Prosecutor failed to disclose unsuccessful online Pell searches, trial told

Prosecutor failed to disclose unsuccessful online Pell searches, trial told

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Victoria's Office of Public Prosecutions had a solicitor conduct online searches for news articles that named George Pell in the days after Australian media reports referred to an unnamed high-profile person being convicted of a serious crime, a contempt trial has heard.

But the OPP solicitor failed to disclose the results of her unsuccessful searches for almost two years, the Supreme Court heard on Tuesday, although she disclosed the results of her successful searches to lawyers for media outlets much earlier.

Cardinal George Pell in Rome last month.Credit:AP

The OPP is pursuing media companies and individual journalists for contempt of court over the way Cardinal Pell's conviction on child sex abuse charges was reported in 2018, and allege the media breached a court-imposed suppression order by reporting about the case at the time.

Cardinal Pell was found guilty by a County Court jury on December 11, 2018, and the OPP alleges the media breached a suppression order by reporting over following days that a high-profile person had been found guilty of serious charges, when the cardinal was still due to face another trial. The cardinal was not named in any of the news reports, nor were the nature of his charges disclosed.

Thirty media respondents – comprising 12 corporations and 18 individual journalists – are defending the contempt charges in a trial in the Supreme Court. The Age and The Sydney Morning Herald are among the media outlets charged. Journalists and editors from those mastheads also face charges as individuals.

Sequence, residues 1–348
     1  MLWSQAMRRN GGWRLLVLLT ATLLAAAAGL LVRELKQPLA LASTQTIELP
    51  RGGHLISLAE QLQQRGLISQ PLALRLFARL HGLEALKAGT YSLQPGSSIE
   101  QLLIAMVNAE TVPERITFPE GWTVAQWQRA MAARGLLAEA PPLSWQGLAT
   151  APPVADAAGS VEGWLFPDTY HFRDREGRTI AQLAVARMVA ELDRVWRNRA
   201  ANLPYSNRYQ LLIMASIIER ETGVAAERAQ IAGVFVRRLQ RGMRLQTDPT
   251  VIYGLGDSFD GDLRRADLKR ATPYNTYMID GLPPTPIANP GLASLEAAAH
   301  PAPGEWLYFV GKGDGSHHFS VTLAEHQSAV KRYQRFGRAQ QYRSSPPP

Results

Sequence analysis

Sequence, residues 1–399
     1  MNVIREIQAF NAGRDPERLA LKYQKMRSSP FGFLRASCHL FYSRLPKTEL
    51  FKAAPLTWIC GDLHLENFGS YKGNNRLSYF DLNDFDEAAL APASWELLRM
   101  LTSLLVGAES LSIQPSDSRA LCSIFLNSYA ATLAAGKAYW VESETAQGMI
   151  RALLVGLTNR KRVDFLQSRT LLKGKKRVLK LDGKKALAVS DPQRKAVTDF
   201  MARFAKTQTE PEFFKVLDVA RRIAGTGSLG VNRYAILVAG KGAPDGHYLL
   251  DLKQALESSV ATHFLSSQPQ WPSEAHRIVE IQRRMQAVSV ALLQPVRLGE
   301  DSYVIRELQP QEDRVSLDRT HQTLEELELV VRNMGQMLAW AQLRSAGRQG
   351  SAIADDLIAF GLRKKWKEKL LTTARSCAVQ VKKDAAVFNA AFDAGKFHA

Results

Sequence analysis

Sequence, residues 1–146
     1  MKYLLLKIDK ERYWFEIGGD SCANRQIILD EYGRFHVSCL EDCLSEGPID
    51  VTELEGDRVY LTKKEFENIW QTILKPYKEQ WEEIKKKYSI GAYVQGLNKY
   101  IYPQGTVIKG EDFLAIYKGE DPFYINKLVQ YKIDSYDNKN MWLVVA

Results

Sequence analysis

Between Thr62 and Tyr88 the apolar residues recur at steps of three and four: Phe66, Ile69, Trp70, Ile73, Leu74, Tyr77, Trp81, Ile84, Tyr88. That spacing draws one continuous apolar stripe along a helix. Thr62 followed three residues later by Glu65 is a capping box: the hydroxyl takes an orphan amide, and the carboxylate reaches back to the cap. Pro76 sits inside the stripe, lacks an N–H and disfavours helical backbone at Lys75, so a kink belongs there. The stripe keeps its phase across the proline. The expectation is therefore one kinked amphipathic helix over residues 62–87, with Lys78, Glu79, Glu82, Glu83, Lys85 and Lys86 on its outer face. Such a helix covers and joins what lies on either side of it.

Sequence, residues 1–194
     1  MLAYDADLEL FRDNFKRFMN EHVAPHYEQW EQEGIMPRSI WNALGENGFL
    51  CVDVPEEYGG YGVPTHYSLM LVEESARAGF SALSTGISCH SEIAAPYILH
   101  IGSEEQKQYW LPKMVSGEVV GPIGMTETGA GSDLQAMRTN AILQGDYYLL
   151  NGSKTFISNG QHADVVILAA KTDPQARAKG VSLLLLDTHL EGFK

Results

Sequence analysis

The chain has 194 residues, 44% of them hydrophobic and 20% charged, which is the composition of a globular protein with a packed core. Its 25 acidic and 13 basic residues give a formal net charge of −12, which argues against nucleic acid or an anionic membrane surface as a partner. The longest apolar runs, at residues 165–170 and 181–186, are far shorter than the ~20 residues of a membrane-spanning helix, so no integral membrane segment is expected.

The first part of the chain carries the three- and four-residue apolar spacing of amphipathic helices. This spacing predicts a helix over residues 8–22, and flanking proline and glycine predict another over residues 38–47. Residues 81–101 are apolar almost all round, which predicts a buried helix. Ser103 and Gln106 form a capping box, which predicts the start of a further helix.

Cardinal Pell was released from prison in April when his conviction for sexually abusing two choirboys in the 1990s was overturned following a successful appeal to the High Court.

The OPP argues the Australian media reports in December 2018 invited readers, viewers and listeners to conduct online searches to find more information.

On Tuesday the trial heard OPP solicitor Kirsten Aaskov used a series of search terms – such as "high profile conviction and crime", "gag order in Australia" and "Australian convicted of awful crime" – on Google as she looked for stories that named Cardinal Pell in the days after his conviction. Four of Ms Aaskov's searches led her to stories in the New York Post, The Washington Post and an American magazine, but another eight searches failed to yield a successful result.

Ms Aaskov last year disclosed the results of her successful searches as part of the OPP's case against the Australian media. However, it was only last week that she disclosed the results of her unsuccessful searches.

Questioned by lawyers for Australian media on Tuesday, Ms Aaskov she "made a mistake" in not disclosing all the search results earlier and that it was an "error on my part".

She said she didn't recall her unsuccessful searches until she discussed the issue with a colleague.

Another OPP solicitor, Lauren Myers, also had knowledge of her colleague's searches. Ms Myers also gave evidence on Tuesday and was asked if the unsuccessful searches should have been disclosed much earlier.

"I suppose so," she said.

The County Court imposed a suppression order over Cardinal Pell's case because at the time of his conviction he was to face another trial. County Court Chief Judge Peter Kidd lifted the suppression order, allowing media to report the cardinal's conviction, in February last year when prosecutors abandoned the second trial.

The contempt trial continues.

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